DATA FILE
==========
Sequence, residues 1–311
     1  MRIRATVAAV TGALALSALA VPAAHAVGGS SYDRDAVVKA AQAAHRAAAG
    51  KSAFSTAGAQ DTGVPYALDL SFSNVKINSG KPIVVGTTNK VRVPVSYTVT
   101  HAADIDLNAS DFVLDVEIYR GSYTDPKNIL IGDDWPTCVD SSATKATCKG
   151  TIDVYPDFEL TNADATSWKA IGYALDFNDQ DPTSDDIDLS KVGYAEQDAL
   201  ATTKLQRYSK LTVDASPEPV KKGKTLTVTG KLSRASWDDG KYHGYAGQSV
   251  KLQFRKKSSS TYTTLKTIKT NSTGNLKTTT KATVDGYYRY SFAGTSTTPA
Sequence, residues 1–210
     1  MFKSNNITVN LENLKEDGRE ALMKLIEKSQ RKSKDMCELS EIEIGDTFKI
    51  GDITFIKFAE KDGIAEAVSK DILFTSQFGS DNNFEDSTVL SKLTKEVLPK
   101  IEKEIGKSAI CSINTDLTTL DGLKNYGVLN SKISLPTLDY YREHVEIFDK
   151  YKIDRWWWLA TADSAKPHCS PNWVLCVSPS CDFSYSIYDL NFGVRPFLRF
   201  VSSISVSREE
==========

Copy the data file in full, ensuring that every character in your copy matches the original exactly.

Sequence, residues 1–311
     1  MRIRATVAAV TGALALSALA VPAAHAVGGS SYDRDAVVKA AQAAHRAAAG
    51  KSAFSTAGAQ DTGVPYALDL SFSNVKINSG KPIVVGTTNK VRVPVSYTVT
   101  HAADIDLNAS DFVLDVEIYR GSYTDPKNIL IGDDWPTCVD SSATKATCKG
   151  TIDVYPDFEL TNADATSWKA IGYALDFNDQ DPTSDDIDLS KVGYAEQDAL
   201  ATTKLQRYSK LTVDASPEPV KKGKTLTVTG KLSRASWDDG KYHGYAGQSV
   251  KLQFRKKSSS TYTTLKTIKT NSTGNLKTTT KATVDGYYRY SFAGTSTTPA
Sequence, residues 1–210
     1  MFKSNNITVN LENLKEDGRE ALMKLIEKSQ RKSKDMCELS EIEIGDTFKI
    51  GDITFIKFAE KDGIAEAVSK DILFTSQFGS DNNFEDSTVL SKLTKEVLPK
   101  IEKEIGKSAI CSINTDLTTL DGLKNYGVLN SKISLPTLDY YREHVEIFDK
   151  YKIDRWWWLA TADSAKPHCS PNWVLCVSPS CDFSYSIYDL NFGVRPFLRF
   201  VSSISVSREE